Giorgio Moroder

Back In Business

13. Music-Giorgio Moroder-GiorgioMoroder_3_Kathryna Hancock Photography_hi-res

When Giorgio Moroder enters a room filled with music industry folks, his appearance is met with a standing ovation. The genteel Moroder, who with thinning white hair and a bushy moustache looks like a kindly great uncle, receives the applause humbly, smiling, his eyes sparkling. For the layperson, Moroder’s presence means next to nothing. And why should it? The 75-year-old Italian (by way of Germany) music innovator has been dormant for a good 30 years. That is, until Daft Punk decided to rustle him up and stick him in front of a microphone so he could tell his life story on their track, “Giorgio By Moroder” on the duo’s 2013 game-changing album, Random Access Memories. On the track, Moroder, in his sing-song Italian/German accented English, quietly tells his tale while Daft Punk plays a backing track that pays tribute to Moroder’s hefty body of work.

The bulk of Moroder’s success happened from the mid-‘70s to the mid-‘80s when he looked like the prototype “Mr. Ka-tear” of the popular ‘70s television show, Welcome Back, Kotter. During that time he invented disco, marked by his work with Donna Summer on the enduring “Love To Love You Baby.” He made smash hits for Blondie and David Bowie. He set the standard for soundtracks with Midnight Express, Scarface, and Flashdance. He wrote the official song for the 1984 Olympics. And that only scratches the surface of his accomplishments. In his collection of knick-knacks, he has three Academy Awards, four Grammys, and four Golden Globes.

There are more awards, as well as select framed platinum and gold records, littering Moroder’s luxury high-rise apartment in the affluent Wilshire Corridor in Los Angeles. Moroder has sold millions upon millions of records. He has been comfortable for a long time. During his “retirement,” he has indulged himself in his artwork and had time to help design an Italian sports car —the Cizeta-Moroder — and a cognac bottle. He has also worked on an idea to build a pyramid-shaped apartment complex in Dubai. He moves in circles of the wealthy and influential that outsiders are unaware of existing. He wasn’t expecting to become an in-demand DJ, not at his age, let alone be releasing an album of brand new material, Déjà Vu, where top-name collaborators clamored to be featured on his songs.

“When I was asked to DJ 10 years ago, I thought, ‘I’m a producer, I’m a composer, I’m not a DJ.’ At the time, DJs were just DJs. Now, DJs are superstars,” says Moroder who aligns himself with that elite group. After a brief appearance for Louis Vuitton and another in Cannes for Elton John and amfAR, Moroder’s first real gig was for Red Bull Music Academy in 2013. Since then Moroder has become a regular name on big festival bills and major clubs worldwide.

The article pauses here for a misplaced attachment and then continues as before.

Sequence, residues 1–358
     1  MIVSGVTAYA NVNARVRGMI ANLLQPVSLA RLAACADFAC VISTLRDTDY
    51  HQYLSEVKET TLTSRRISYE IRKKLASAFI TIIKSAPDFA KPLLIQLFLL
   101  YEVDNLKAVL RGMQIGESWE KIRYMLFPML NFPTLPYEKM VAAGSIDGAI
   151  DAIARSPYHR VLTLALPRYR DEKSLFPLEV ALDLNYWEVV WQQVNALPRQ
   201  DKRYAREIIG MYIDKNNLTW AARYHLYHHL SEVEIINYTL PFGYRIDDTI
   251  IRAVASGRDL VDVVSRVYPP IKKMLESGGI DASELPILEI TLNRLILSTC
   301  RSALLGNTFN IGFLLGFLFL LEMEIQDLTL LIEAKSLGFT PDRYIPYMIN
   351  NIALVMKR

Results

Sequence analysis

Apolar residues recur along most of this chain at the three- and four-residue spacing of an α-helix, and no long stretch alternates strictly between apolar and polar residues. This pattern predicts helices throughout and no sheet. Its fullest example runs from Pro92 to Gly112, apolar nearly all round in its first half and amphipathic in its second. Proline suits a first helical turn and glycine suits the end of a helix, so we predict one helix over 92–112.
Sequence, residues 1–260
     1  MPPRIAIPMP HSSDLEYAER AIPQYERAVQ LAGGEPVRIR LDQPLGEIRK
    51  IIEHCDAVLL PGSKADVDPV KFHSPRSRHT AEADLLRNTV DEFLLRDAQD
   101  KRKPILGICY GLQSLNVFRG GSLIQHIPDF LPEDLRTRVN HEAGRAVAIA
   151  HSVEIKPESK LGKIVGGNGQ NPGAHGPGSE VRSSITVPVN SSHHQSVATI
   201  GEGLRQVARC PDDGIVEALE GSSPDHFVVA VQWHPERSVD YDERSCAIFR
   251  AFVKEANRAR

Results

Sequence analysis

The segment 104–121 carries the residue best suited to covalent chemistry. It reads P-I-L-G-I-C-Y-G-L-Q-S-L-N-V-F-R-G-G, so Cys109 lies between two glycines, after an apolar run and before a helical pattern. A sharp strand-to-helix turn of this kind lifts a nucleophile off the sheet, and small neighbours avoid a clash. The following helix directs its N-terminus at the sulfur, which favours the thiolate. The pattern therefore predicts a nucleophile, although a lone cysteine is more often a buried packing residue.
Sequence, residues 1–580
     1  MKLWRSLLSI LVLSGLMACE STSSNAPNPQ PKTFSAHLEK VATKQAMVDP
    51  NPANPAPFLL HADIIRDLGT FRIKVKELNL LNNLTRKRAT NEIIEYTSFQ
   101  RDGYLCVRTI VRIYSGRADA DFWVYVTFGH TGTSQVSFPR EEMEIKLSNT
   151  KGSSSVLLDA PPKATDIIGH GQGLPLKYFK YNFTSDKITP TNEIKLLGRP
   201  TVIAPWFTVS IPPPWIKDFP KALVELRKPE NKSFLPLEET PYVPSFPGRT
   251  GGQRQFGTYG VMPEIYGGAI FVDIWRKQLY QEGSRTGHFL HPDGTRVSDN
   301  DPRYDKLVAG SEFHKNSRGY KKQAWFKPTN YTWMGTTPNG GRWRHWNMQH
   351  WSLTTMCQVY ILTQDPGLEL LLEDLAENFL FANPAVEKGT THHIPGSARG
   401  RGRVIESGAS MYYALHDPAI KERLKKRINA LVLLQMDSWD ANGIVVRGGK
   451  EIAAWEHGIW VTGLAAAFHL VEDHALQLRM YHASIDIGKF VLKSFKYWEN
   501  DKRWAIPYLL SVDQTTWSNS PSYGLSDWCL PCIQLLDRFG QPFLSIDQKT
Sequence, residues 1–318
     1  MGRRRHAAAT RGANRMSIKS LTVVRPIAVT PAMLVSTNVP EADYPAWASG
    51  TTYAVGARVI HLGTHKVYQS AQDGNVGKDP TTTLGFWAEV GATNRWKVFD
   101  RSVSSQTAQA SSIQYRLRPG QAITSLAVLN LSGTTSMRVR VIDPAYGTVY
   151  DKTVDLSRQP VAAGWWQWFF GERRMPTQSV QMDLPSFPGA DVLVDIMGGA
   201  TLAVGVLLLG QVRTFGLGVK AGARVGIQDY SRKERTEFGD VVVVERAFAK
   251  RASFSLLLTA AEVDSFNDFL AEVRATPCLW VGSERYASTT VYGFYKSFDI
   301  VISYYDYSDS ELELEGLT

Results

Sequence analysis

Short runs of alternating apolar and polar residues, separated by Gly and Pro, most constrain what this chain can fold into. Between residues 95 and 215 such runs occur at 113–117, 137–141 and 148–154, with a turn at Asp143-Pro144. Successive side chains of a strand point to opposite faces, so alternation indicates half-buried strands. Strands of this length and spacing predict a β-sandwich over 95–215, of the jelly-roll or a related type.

“An hour is great, an hour and 15 minutes is ideal,” says Moroder of his DJ sets, which are pulled from his wealth of productions and programmed using Ableton Live for more creativity. “It’s quite tiring. You have to dance. You have to move.”

On Déjà Vu Moroder taps into the abilities of his A-list collaborators: Sia, Britney Spears, Charli XCX, Kelis, Kylie Minogue, Matthew Koma, Mikky Ekko, Foxes, and Marlene to make a very current album that is in step with the EDM megastars with whom he is lumped. “The original idea I had was disco songs,” he says. “Then I thought buyers are young, they are used to EDM dance, so I tried to combine modern sounds with guitars and strings to give a feel of the old disco times, but not emphasize it too much.”

What people will buy is at the forefront of any of Moroder’s creations, music or otherwise. “You still have to live,” he points out matter-of-factly, more interested in quantifiable success than critical. With the singles released from Déjà Vu hitting tops of charts internationally, Moroder still has the touch. There are glimmers of his synthesizer-driven, robotic yet filmic arrangements throughout the album, as much as there are bold and shiny beats and drops that match today’s sounds.

Says Moroder of his 40+ year-old recordings versus his fresh ones, “You could do it as good as you could, but when the session was over, you could not change a note or do a thing, so it was more natural. Now it has to be perfect because people are expecting it. You have to have every instrument at the same volume. You can use the computer to make intentional little mistakes, but it doesn’t sound human. That makes things, especially in EDM, a little mechanical.”

Like all of today’s music, Déjà Vu, has multiple musical inputs. A song travels around the world for input before it comes back to Moroder. This is very removed from his beginnings in Germany, holed up with lyricist Peter Bellotte and Donna Summer, just vibing.

“The vocal is the most stressful thing,” Moroder points out. “I’ve worked with major acts like David Bowie. What am I going to tell him? That high note was not good? The other thing is, when people are in the studio you never know if something is final or if you could do it better. On the other hand, you’re more objective if somebody sings without you. You know immediately if you like it or not. But then, Kelis wrote the lyrics and top line for ‘Back & Forth’ with me in the studio, sang it two or three times and that was it. I didn’t touch her voice at all.”

“I must say, it is unusual to be back in pop, “he continues. “Sometimes I think, ‘Is it really me they are talking about?’ I’m 75, I’m back in business, and I love it.”


Text by Lily Moayeri
Photograph by RCA Records